By Dr. Jamie Huysman

A dedicated caregiver’s heart is one of gold, and many should be awarded purple hearts!

Caregivers fight the good fight every day. There is no question that caregivers are constantly putting their hearts (and sometimes souls) on the line.

So, it’s really no coincidence that February is Heart Health Awareness Month. It is, after all, that time of year when hearts are everywhere, so it makes sense to use this time to remind people of the importance of keeping a healthy heart.

However, we are a stubborn species. We seem to put more effort into seeing to it that our cars run well than we do about maintaining a healthy heart!

Heart disease is known to be a leading cause of death, claiming a life every 42 seconds, and leaving a trail of broken hearts in its wake. Stress, poor nutrition, uncontrolled high blood pressure, sedentary lifestyle, diabetes, and genetic predisposition are all common means to a preventable end for caregivers as well as those they care for.

The American Heart Association website

Tips to maintaining a healthy heart.

“True healthcare reform starts in your kitchen, not in Washington” — ~Anonymous

Jamie Huysman, PsyD, LCSW is Vice President of Provider Relations and Government Affairs at WellMed Medical Management, a UnitedHealth company. He has almost 30 years of medical and behavioral health experience in nonprofit and for profit corporate leadership roles in both hospital and managed care environments.

He co-founded the Leeza Gibbons Memory Foundation that created a new level of care for caregivers around the country and received Florida’s Social Worker of the Year Award for that work in 2008. Since 1992, his program TV Aftercare TM has provided millions of dollars worth of follow-up care for talk, court and reality guests.

Dr. Jamie co-authored the acclaimed Take Your Oxygen First: Protecting Your Health & Happiness While Caring for a Loved One with Memory Loss and was featured in The 100 Mile Walk: A Father and Son on a Quest to Find the Essence of Leadership, Voices of Caregiving and Voices of Alcoholism. Dr. Huysman writes for Caregiver SOS, Florida MD and Today’s Caregiver magazines and blogs on PsychologyToday.com.

Caregivers need a lot of light in our lives. We often spend too much time inside, behind the curtains, at home, in a hospital or in a care facility. This can lead us to spend too much time in the dark, in our own heads, and not enough time interacting with the bright world outside.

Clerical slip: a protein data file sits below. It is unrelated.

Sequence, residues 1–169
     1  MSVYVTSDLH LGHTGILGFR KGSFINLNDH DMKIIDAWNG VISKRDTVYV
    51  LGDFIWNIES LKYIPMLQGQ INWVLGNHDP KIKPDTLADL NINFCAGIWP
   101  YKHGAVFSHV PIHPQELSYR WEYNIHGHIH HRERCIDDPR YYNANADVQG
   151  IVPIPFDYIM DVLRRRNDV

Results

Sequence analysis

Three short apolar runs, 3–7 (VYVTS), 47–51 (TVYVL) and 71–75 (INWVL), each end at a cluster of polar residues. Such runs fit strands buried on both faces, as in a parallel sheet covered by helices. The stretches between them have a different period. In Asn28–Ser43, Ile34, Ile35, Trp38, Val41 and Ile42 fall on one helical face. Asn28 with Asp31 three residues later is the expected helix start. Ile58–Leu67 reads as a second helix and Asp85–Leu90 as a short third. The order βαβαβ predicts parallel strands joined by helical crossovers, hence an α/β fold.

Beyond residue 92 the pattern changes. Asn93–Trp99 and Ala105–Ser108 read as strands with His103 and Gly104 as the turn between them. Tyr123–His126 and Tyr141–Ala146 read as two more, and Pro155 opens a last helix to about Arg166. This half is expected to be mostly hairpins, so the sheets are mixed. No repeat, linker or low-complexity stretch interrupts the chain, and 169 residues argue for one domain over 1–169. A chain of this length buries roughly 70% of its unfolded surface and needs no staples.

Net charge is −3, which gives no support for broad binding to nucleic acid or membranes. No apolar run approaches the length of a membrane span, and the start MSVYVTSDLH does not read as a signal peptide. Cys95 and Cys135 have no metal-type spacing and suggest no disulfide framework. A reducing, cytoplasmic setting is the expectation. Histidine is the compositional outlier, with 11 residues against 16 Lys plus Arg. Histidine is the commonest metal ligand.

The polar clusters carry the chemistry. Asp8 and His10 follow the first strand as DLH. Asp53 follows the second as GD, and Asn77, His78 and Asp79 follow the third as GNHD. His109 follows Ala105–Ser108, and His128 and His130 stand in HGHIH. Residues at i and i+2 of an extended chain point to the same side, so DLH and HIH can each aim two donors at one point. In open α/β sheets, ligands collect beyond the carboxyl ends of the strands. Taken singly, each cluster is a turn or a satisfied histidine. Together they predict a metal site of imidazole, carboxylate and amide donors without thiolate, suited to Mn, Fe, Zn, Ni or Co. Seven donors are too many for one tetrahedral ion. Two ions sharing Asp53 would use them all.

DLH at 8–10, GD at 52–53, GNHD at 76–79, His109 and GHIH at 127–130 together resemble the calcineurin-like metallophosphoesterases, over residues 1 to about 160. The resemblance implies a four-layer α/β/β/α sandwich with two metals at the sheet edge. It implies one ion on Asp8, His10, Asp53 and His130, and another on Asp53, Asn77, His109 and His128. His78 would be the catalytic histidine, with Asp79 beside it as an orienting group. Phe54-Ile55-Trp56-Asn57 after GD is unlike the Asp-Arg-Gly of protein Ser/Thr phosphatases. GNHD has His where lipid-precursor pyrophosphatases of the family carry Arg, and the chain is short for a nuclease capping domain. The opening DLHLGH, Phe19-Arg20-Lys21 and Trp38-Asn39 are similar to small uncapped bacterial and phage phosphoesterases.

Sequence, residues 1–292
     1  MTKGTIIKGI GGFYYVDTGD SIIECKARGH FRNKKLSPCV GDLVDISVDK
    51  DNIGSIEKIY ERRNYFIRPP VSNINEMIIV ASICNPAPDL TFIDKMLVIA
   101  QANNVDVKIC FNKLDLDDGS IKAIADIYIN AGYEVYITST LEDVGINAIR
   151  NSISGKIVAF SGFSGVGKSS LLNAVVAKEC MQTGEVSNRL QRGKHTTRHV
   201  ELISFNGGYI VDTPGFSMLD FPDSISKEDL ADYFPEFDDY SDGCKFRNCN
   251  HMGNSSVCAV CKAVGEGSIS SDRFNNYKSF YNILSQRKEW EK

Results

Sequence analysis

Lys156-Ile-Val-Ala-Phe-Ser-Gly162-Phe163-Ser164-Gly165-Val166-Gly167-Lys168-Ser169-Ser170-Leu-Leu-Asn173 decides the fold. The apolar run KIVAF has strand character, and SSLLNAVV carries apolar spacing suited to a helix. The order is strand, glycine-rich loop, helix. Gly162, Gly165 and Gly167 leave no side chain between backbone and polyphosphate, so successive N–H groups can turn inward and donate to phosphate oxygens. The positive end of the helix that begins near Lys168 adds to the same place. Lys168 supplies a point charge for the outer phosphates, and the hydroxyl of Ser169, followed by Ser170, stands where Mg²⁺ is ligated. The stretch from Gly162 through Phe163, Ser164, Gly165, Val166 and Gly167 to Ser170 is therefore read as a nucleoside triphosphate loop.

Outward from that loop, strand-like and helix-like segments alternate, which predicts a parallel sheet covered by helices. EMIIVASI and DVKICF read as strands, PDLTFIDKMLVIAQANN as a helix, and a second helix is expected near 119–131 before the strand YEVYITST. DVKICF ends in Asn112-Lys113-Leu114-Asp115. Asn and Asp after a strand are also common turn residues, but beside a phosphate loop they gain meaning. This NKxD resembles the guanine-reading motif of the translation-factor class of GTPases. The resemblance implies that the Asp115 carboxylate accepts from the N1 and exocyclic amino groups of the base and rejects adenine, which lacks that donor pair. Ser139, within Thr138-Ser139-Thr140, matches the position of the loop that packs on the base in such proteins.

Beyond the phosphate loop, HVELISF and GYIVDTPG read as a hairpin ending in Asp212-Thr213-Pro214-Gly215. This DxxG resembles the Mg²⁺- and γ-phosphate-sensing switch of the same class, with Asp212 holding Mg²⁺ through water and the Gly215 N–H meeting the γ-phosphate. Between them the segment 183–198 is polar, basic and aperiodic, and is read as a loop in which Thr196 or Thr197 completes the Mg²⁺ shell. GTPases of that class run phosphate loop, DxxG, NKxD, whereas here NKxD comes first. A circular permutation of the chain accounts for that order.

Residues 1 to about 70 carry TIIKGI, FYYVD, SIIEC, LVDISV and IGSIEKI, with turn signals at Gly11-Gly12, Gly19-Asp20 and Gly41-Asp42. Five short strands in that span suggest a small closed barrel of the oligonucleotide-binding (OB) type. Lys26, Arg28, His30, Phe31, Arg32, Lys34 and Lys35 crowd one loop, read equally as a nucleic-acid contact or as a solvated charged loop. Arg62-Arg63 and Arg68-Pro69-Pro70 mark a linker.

I met a Vietnam veteran who has literally been carrying a suitcase with him every day for the past 45 years. Inside are photos about his war experiences. He needed to talk about them, to air out his mind, and allow someone else to hear his story. He wanted to help others learn from his experience.

Sound familiar? As caregivers, we need to check to see if we picked up some baggage in the dark times of our lives.

Anger, anxiety, and stress are common companions for us. I know the last year of my mother’s life had plenty of these emotions to go around. Allowing our struggles to live in the shadows leaves them in the shadows. The layers of guilt and anger don’t go away until we see them, deal with them, and let them go.

There are therapists, clergy and support groups where we can safely express our fears and frustrations. We shouldn’t be afraid to use them. The simple act of talking to someone else can make a world of difference.

I would not want anyone to wait almost the entirety of their lives to make peace with their experiences. Let’s all open our suitcases and take out the stories we need to tell now. We’ll be able to see the difference between the shadow and the sun, and our steps will be so much lighter.

WellMed Charitable Foundation Executive Director Carol Zernial is a noted gerontologist, radio show host, and Chair of the National Council on Aging. The non-profit WellMed Charitable Foundation focuses on complimentary programs impacting seniors and family caregivers, including weekly telephone learning sessions, evidence-based classes on stress reduction and more. Learn more at www.CaregiverSOS.org or toll-free at 1-866-390-6491.